Cigarettes contain more than 4,000 chemical compounds and 400 toxic chemicals that include tar, carbon monoxide, DDT, arsenic and formaldehyde.
The nicotine in cigarettes, in particular, makes them highly addictive.
Dr Stanley Chia, cardiologist at Mount Elizabeth Hospitals, explains the effects of smoking and drinking on our health.
Growing up, many children may view drinking and smoking as privileges of adults and therefore ‘cool’ activities to engage in.
While the deleterious effect of smoking on the risk of cardiovascular disease is well-recognised and straightforward (the risk of heart disease increases with the amount of smoking), the impact of drinking is more complex.
Some evidence suggests that moderate drinking (3 – 14 drinks a week) may be associated with a lower risk of heart attack, while heavier drinking may well increase the risk of heart attack, heart failure, stroke and high blood pressure.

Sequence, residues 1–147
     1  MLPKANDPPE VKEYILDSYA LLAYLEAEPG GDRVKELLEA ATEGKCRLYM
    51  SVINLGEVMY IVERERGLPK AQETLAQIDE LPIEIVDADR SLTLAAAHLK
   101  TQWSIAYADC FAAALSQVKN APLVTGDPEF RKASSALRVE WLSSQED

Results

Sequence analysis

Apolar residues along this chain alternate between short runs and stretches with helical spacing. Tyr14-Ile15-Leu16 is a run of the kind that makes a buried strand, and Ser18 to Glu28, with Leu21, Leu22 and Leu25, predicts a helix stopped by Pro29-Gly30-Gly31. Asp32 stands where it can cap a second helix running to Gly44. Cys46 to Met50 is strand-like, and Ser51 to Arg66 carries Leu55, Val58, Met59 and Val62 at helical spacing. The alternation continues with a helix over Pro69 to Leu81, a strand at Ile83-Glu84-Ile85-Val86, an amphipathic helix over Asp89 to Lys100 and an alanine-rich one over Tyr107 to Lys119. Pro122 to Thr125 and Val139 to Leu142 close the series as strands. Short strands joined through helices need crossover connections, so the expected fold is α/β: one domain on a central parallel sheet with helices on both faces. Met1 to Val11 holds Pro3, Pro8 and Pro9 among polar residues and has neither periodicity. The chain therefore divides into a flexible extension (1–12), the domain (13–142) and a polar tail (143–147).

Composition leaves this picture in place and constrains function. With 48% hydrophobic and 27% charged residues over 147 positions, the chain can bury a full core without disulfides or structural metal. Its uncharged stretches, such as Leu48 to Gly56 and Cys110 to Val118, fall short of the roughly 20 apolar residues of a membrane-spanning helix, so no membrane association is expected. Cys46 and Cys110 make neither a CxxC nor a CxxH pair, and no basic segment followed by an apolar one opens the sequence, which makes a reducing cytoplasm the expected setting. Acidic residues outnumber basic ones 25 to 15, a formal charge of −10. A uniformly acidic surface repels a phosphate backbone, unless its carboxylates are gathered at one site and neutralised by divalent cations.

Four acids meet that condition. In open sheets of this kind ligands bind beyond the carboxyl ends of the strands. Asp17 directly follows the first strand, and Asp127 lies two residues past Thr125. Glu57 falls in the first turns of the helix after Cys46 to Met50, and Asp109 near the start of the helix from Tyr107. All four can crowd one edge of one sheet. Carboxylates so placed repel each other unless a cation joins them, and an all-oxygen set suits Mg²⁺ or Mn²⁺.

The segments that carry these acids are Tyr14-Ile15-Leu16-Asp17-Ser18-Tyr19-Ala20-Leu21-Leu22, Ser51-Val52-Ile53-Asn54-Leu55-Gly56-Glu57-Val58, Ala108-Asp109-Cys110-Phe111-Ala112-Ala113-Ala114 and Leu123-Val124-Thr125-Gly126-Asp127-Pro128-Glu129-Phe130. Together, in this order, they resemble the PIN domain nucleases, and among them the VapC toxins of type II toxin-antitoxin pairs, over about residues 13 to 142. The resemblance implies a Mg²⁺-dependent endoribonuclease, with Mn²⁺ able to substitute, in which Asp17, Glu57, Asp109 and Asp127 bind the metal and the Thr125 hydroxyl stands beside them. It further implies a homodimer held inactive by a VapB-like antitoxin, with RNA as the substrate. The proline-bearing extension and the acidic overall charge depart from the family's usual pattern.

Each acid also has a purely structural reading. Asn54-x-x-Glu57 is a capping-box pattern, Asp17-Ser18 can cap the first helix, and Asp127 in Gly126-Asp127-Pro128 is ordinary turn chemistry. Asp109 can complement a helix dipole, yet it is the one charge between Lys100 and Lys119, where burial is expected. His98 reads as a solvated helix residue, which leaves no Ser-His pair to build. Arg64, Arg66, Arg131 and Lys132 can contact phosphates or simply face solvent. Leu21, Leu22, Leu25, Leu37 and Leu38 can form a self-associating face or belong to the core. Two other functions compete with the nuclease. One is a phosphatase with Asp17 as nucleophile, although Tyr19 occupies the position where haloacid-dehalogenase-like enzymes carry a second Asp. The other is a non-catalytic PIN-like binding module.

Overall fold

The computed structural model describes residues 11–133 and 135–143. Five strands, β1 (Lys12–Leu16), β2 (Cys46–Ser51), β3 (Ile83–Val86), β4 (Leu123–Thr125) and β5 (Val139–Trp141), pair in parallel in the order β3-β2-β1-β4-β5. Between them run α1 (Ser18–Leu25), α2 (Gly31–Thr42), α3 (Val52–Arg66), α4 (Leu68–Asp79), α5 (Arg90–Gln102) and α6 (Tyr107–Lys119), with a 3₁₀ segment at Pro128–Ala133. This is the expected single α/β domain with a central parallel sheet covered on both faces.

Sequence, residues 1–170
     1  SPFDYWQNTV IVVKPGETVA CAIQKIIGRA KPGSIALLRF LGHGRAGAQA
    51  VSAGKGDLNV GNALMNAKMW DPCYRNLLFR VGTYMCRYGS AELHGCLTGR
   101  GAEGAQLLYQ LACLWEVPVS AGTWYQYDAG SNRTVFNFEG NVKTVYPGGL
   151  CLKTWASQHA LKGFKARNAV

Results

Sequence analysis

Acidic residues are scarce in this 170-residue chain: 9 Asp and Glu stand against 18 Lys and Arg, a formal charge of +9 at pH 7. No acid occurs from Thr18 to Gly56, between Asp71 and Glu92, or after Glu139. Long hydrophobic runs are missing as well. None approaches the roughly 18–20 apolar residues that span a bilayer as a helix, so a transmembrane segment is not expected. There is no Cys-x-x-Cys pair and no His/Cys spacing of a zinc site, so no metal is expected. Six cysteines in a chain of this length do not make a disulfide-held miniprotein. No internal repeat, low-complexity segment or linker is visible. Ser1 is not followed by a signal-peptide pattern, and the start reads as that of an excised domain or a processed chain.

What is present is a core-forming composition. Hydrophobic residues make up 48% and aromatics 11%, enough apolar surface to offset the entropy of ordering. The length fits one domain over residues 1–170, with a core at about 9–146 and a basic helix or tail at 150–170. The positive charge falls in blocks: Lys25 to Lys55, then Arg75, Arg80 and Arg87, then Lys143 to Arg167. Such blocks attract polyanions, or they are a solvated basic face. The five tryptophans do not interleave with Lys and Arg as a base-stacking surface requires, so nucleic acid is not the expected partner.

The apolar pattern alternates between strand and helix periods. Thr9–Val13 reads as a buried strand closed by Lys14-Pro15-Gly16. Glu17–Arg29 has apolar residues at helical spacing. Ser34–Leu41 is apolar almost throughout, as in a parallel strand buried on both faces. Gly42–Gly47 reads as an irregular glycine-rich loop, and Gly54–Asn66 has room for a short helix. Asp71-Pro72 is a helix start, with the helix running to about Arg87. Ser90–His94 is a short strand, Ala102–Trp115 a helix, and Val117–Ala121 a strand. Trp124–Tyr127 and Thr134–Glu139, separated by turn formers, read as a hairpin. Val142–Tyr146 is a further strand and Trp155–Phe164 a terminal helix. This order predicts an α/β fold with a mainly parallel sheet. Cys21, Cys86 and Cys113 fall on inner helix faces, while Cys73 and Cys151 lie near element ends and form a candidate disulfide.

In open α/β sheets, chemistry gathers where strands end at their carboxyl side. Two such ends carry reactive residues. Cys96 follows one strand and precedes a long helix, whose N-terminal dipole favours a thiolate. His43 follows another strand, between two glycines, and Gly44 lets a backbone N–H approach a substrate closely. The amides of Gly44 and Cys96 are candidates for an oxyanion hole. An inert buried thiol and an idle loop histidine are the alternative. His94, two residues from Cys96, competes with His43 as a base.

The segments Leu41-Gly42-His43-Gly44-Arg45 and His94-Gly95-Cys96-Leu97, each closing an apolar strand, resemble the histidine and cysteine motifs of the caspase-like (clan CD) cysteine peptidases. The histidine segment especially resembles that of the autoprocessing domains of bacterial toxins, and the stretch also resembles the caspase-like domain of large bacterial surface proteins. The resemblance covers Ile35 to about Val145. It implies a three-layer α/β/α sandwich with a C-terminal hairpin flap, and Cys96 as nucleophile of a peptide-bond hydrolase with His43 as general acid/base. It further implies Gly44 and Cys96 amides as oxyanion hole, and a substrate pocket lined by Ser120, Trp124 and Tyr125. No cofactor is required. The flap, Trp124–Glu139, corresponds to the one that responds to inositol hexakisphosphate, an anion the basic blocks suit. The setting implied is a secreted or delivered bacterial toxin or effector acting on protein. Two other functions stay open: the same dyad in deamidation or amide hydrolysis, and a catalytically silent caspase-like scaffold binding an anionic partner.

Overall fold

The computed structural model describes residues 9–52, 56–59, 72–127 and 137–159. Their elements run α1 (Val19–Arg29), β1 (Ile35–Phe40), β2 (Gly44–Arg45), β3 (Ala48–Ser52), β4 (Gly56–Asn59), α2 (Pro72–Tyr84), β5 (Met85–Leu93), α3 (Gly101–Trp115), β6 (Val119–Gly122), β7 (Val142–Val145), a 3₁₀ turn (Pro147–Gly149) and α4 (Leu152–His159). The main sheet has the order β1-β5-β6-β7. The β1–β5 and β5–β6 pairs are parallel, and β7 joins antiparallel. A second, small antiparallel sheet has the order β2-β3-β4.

Certain groups of people should not drink alcohol at all.
These include young people under the age of 18, pregnant women, people with certain health conditions, patients on medication that will interact with alcohol, recovering alcoholics, and people who intend to drive or do activities that require attention and coordination.
Smokers who quit smoking with support are more likely to succeed than those who do it on their own.
Hence, it is helpful for those trying to stop to consult a health professional on engage a smoking cessation programme.